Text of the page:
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|Functional Training - Advanced|
Functional Training: An old concept with a new name
Juan Carlos Santana, MEd, CSCS
The hottest phrase in the fitness and conditioning field is “functional training” (FT). FT has been to the 90s what “Plyometrics” was to the 80s, a buzzword that everyone used, but few understood. This article will discuss the basis of FT and give fitness professionals a rational for its use and a direction of focus.
FT is not a new concept, it has been around since the beginning of time. If one wants to get better and stronger at an activity, one would instinctively rehearse the activity, or at least parts of that activity. In sports we always say, the best functional training for a particular sport, is that sport! Although this is an oversimplification of the concept of functional training, it is its essence. As my colleague Vern Gambetta points out, “FT trains movements, not body parts”!
Sounds easy enough, it is common sense, right? One would think so, but “the problem with common sense is, it’s not so common”. One look into any gym and you will see 99 percent of the people training in a non-functional manner. In fact, many gyms spend as much as 75-95% of their equipment investment on non-functional equipment. Next time you go into your gym, check out how many people are doing machine leg extensions, machine leg curls, machine seated-calf raises, machine rowing, machine pressing, machine everything! These pieces of resistance-training equipment are the most popular in most gyms, and the gauge by which many people evaluate the “productive worth” of training facilities. “The more machines the more better”! Why is this happening? Believe it or not, it may be due to “too pure of an academic view”!
At first glance, functional biomechanics and academic anatomy do not always coincide. For example, in an anatomy class you are taught that the quadriceps extend (i.e. straighten) the knee and the hamstrings flex (i.e. bend) the knee. Therefore, every time we look at a movement where the knee is being extending, we think the quadriceps is doing it. Conversely, every time we see the knee flexing during a movement, we think it is the result of the work of the hamstrings. What they forgot to tell us in the anatomy class is that the quadriceps extend the knee and the hamstrings bend it only when the foot in hanging in mid air; not planted on the ground. Other than your occasional seizure, or brake-dancing episode, the foot is in contact with the ground during almost all “functional force production”!
Without getting into a complex biomechanical analysis of running, let us look at basic quadriceps and hamstring function during forward locomotion (i.e. walking, stair climbing, or running). The quadriceps’ primary role in running is to decelerate the leg’s collapse (i.e. the system’s pronation) during the plant phase, stabilize and accelerate propulsion (i.e. the system’s supination), and decelerate hip extension at the end of propulsion. The hamstrings decelerate hip flexion and knee extension during the swing phase, and stabilize and accelerate propulsion.
This oversimplification does not accurately depict all of the tri-planar rotational, stabilization and counterbalancing components involved in locomotion. Nor, does it represent the complexity and importance of the entire kinetic chain, and its loading and unloading mechanisms (referred to in functional terminology as “pronation and “supination” of a system). However, it does illustrate the shortcomings of an exclusive single joint approach, as a means of enhancing an integrated movement. Probably the most important observation one needs to make is that, human locomotion is a “ground-based, one- leg, tri-planar, counter-balanced” event. That is, only a single leg is in contact with the ground, and the body is simultaneously counterbalancing and moving in all three planes.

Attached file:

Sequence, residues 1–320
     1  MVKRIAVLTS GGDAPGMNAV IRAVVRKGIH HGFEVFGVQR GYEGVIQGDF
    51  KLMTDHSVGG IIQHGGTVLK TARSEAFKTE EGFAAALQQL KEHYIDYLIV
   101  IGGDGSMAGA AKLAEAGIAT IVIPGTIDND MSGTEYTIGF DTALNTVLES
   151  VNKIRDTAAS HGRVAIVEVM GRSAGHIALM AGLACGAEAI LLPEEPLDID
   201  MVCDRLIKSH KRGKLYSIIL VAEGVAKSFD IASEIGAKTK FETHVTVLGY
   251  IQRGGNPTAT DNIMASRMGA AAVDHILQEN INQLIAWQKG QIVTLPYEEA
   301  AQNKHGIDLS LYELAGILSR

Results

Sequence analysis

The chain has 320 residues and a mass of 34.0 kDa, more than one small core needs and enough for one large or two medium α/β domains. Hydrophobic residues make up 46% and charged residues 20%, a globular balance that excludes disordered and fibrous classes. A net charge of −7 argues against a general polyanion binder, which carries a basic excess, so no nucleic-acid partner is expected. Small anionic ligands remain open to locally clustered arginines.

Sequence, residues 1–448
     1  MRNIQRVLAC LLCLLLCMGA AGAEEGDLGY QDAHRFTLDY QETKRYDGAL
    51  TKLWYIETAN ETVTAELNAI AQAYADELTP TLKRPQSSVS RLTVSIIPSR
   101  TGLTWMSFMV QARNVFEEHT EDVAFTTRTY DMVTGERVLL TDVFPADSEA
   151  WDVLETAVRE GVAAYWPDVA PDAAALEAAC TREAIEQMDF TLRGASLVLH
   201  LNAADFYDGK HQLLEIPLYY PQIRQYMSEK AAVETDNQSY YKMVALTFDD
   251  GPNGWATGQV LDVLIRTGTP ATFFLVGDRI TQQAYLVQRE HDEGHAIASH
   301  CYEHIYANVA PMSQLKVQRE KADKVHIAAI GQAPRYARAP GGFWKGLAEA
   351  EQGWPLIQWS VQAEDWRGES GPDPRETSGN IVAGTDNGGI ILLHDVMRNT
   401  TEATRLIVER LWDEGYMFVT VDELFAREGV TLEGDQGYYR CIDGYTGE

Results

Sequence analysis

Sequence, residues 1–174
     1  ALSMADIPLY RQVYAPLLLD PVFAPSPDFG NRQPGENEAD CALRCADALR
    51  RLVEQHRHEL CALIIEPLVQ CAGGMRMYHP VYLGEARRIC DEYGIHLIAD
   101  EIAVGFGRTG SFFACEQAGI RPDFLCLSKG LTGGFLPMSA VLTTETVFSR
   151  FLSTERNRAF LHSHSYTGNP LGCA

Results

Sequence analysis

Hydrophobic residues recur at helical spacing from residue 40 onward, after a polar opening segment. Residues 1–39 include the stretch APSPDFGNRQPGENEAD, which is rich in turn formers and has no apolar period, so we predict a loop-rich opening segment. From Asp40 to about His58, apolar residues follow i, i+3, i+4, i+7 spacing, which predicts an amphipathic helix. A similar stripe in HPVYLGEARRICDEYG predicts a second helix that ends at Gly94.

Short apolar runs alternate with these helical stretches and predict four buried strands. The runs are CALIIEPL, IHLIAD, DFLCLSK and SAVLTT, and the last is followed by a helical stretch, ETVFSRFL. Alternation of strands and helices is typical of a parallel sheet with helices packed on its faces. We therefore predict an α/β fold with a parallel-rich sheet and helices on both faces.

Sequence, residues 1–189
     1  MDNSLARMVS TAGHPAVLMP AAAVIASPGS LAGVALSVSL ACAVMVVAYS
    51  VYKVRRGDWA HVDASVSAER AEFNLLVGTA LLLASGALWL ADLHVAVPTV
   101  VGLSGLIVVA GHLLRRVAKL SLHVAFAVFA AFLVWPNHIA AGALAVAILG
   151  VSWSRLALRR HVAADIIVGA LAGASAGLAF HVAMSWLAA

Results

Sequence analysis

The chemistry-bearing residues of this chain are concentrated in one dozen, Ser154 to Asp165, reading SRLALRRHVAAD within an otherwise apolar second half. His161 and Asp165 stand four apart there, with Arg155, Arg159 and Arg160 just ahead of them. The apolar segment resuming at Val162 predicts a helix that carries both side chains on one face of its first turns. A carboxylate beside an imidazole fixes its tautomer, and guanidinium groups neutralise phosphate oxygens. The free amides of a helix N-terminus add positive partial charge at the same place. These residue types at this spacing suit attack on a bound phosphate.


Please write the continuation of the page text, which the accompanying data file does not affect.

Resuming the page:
Now, with better appreciation for the functional nature of locomotion, would you select a leg curl to condition or rehabilitate the hamstrings, or a leg extension to condition or rehabilitate an ACL? I hope not! If these exercises were functional and effective, hamstring and ACL injuries would not exist. Most athlete performs leg extensions and leg curls. Yet, athletic training rooms across the country are plagued by these injuries! You can isolate all you want, but if you do not soon integrate the move into its functional pattern, you will cause faulty neural recruitment that could actually lead to an injury.
This is just one example of the discrepancies between the traditional academic view of rehabilitative-anatomy, and the practical approach of functional biomechanics. FT follows functional biomechanics, not academic anatomy. This is modern concept orthopedic and rehabilitative medicine still grapples with. Leg curls and leg extensions are still part of ACL rehab protocols, despite the detrimental (i.e. dysfunctional) shear forces research has demonstrated they impose on the knee.
FT revolves around two very basic principles. The first is the “kinetic chain”, which simply illustrates that the body never moves a single joint in isolation. Rather, the kinetic chain is a series of joints working synergistically through multiple planes. Rehearsed, multi-planar movements, such as a golf swing, are engraved in our brains as neural patterns, not isolated muscle movements. By design, we are functionally, integrated beings.
Juan Carlos Santana is the CEO of The Institute of Human Performance (IHP) in Boca Raton Florida. To contact Mr.Santana please visit www.ihpfit.com.